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Trust Isn't the Only Issue; History Counts Too

Rocketdyne wants neighbors to believe that its cleanup is being accomplished in accordance with regulations. So why not hand over the process to a truly independent agency?

August 06, 2000|BEVERLY KELLEY | Beverly Kelley teaches communication courses at Cal Lutheran University. She may be reached via e-mail at

A window-rattling roar rolled me out of bed the first night I spent in Simi Valley. The rumble seemed to be coming from an inconspicuous sandstone bluff snuggled in the bosom of the chaparral-covered Santa Susana Mountains. Rocketdyne, a division of Rockwell International, I eventually learned, was merely full-throttle testing yet another rocket engine.

Perched on giant scaffolding for testing, these engines would eventually blast the Mercury, Gemini, Apollo and space shuttle astronauts heavenward or would help tilt the weapons race in America's favor.

From the 1950s through the '70s, these machines thundered around the clock. Rocketdyne's neighbors, however, remained uncharacteristically silent.

Most had no idea that a semi-secret complex of concrete bunkers, test pads and experimental nuclear reactors sprawled over the bouldered expanse.

Few thought to question the sweeping clouds of rust-colored smoke billowing from mighty Atlases, Thors and Jupiters. Even fewer were aware of noxious contamination migrating off-site to a nearby Jewish studies center and Sage Ranch.

Residents of West Hills, Canoga Park and Simi Valley--this is your final wake-up call. The folks at Rocketdyne are asking you to trust that a multimillion-dollar cleanup, paid for in part by taxpayers, is being accomplished in accordance with all federal and state regulations.

Don't forget, these are the same folks who failed for two decades to disclose that a nuclear reactor, crippled by a partial meltdown, released an undetermined measure of radioactive gas into the atmosphere in 1959. They are the same folks who, in 1996, pleaded guilty to three felony counts of mishandling hazardous chemicals during a July 1994 explosion in which two of their own scientists were killed. (They were ordered to pay a $6.5-million fine.) These are the same folks who were indicted in 1999 by a federal grand jury on four counts of violating U.S. environmental laws.

Certainly there must be some government agencies at the state or federal level that have the right stuff to persuade Rocketdyne to clean it up completely. Yet as I reviewed the lab's history, I found the alphabet soup of regulatory bodies has appeared more than reluctant to square off against the laboratory on the hill.

Case in point: In the early 1990s, local members of the state Assembly called for an independent oversight panel just after the state Department of Health Services (DHS) was fingered for suppressing a bladder cancer study Rocketdyne found especially embarrassing.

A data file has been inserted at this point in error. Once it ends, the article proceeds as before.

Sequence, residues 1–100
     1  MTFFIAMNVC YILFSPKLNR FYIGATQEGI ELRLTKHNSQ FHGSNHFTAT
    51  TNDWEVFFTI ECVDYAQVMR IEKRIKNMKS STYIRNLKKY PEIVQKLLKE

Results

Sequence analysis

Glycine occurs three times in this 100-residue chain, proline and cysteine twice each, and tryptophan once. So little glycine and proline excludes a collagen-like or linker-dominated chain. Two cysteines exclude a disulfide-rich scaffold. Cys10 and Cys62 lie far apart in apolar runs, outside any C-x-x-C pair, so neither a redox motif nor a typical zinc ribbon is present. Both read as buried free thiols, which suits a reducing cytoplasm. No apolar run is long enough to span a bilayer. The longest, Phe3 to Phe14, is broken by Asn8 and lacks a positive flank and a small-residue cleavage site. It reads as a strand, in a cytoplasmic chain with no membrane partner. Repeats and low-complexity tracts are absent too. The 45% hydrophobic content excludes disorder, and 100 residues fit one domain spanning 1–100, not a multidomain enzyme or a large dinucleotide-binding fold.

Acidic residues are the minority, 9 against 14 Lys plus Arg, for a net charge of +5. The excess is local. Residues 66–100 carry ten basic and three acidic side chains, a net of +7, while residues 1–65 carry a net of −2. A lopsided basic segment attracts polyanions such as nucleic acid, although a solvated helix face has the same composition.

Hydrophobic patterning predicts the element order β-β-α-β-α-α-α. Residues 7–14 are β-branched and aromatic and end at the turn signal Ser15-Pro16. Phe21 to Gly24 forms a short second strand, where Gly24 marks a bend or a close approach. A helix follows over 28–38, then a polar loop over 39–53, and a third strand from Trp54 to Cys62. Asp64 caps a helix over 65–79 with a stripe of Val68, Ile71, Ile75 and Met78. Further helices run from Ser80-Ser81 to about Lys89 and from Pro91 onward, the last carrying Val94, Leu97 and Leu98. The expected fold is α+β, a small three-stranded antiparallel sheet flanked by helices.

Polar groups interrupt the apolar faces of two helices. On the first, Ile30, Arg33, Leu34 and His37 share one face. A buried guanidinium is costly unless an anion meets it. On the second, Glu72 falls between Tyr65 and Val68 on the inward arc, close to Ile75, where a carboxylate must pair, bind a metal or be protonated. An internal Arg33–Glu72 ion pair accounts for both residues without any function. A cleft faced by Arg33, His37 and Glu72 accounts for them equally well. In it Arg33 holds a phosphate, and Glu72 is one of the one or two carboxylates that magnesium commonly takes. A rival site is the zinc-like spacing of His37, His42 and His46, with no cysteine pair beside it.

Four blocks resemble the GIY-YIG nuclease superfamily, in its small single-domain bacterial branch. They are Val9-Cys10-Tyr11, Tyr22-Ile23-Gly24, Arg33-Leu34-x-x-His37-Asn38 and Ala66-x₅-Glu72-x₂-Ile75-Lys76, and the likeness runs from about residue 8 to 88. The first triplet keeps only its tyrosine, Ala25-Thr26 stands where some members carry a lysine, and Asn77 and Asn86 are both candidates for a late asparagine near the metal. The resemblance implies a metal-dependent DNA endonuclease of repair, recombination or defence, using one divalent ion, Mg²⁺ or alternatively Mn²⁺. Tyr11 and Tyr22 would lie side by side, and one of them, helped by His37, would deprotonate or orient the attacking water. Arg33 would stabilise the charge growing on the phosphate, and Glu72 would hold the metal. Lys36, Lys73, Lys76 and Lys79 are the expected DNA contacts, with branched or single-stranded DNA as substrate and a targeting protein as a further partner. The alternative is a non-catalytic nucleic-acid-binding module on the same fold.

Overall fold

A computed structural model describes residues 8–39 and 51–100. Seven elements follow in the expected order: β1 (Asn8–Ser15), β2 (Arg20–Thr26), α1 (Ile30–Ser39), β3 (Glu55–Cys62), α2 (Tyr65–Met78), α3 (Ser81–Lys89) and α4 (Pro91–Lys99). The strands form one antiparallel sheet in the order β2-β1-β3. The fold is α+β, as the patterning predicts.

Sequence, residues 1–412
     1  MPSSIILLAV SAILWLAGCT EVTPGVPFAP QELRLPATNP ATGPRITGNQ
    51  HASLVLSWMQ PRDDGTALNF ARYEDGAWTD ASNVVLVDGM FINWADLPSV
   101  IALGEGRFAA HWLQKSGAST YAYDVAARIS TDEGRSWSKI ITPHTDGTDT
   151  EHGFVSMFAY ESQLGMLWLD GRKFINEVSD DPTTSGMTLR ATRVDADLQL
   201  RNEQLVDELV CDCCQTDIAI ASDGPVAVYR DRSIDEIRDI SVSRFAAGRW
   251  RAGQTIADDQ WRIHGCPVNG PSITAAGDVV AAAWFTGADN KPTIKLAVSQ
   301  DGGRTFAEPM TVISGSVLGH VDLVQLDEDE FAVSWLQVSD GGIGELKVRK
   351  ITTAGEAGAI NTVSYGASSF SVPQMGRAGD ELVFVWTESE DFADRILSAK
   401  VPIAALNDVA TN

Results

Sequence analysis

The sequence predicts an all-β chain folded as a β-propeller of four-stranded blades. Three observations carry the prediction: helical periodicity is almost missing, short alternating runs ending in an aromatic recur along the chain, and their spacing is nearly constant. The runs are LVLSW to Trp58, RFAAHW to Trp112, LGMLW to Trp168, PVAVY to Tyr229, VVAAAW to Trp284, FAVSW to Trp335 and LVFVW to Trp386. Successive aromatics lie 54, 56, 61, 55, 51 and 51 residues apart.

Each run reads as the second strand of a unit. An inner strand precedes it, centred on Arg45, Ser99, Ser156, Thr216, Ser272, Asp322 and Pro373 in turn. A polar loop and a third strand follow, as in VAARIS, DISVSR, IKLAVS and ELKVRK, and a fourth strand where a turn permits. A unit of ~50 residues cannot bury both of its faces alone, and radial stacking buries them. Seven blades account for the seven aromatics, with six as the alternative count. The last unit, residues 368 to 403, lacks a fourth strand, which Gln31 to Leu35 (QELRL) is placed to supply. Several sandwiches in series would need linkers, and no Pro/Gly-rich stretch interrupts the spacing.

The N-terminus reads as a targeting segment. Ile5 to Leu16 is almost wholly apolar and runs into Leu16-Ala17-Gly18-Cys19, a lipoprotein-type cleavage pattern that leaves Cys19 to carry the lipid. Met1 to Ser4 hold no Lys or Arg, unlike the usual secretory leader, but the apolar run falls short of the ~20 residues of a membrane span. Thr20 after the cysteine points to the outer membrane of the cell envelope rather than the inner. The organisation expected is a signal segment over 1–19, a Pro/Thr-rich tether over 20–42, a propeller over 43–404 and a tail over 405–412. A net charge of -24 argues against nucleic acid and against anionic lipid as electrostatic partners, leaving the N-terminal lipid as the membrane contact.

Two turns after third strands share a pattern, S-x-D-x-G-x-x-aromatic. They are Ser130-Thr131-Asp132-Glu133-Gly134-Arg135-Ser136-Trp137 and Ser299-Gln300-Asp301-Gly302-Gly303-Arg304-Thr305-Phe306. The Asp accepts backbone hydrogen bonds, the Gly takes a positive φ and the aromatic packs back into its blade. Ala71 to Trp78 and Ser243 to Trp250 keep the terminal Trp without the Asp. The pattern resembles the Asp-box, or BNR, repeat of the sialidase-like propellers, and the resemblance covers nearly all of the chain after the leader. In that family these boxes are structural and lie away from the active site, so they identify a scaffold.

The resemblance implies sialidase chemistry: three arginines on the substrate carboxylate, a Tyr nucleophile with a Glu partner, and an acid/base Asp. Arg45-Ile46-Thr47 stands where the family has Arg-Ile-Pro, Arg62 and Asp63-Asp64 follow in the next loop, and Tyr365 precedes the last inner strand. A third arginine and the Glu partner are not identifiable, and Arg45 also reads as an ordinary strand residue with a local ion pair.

Fast-forward 10 years and watch history repeat itself. According to a recent investigation ordered by Gov. Gray Davis, DHS tried it again. A second cancer study was discovered squirreled away in a file drawer, a 1997 analysis that found 17% more lung cancer than expected among the 91,000 people living within five miles of the Rocketdyne campus.

No wonder battle-weary community activists such as Barbara Johnson, who has lived in the shadow of the testing site for 30 years, place little faith in the process and even less hope in the future. Dan Hirsch, head of the Los Angeles-based Committee to Bridge the Gap, has been fighting the good fight for 21 years. He's no longer surprised when watchdog bureaus roll over for Rocketdyne.


When the federal Agency for Toxic Substances and Disease Register was brought in at the request of Rep. Elton Gallegly (R-Simi Valley) and U.S. Sens. Barbara Boxer and Dianne Feinstein (both D-California), Hirsch warned that, after decades of disappointment, distrust of government ran deep. He believed local activists would wait to see "whether you were coming to do a thorough, dispassionate review or to perform a cursory review to provide support to a beleaguered company and associated agencies."

The skepticism was not ill-founded. Based on data provided by Rocketdyne and its faithful federal customers, the agency breezily concluded that half a century of rocket tests and nuclear research had caused no harm to the surrounding community. However, the scientists did end up diluting the whitewash by calling for further testing into airborne chemical releases and water quality as well as additional analysis of cancer statistics.

Here's a thought: Instead of returning to the Rocketdyne-friendly agency for the recommended follow-up, why not hand over the job to an independent oversight panel and stand back?


The countdown has started. Rocketdyne's efforts to mop up radioactive and chemical contaminants will soon be concluded--target date 2006. Rocketdyne spokesman Dan Beck says, "We feel that we have our arms wrapped around the contamination and are abiding by all state and federal laws regarding the cleanup."

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